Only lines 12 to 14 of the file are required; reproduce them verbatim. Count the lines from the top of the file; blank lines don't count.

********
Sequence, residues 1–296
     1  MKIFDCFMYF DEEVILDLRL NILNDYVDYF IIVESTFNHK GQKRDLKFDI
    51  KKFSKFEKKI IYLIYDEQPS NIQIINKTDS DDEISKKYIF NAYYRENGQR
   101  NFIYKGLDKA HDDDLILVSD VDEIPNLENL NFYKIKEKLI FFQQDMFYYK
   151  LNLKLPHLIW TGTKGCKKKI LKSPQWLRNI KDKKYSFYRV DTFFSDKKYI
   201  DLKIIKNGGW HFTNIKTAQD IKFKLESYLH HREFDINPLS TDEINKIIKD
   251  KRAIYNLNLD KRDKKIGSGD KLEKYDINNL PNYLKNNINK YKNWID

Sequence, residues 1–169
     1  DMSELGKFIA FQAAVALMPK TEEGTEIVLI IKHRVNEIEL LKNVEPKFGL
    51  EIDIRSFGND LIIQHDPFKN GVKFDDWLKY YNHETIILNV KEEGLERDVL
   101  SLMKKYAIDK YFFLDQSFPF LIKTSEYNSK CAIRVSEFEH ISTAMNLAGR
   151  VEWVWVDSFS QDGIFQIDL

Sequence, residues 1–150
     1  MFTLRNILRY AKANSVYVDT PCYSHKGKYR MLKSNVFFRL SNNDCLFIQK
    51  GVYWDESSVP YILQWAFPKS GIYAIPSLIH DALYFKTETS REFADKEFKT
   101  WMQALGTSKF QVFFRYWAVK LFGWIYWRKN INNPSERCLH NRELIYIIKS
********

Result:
   151  VEWVWVDSFS QDGIFQIDL

Sequence, residues 1–150
     1  MFTLRNILRY AKANSVYVDT PCYSHKGKYR MLKSNVFFRL SNNDCLFIQK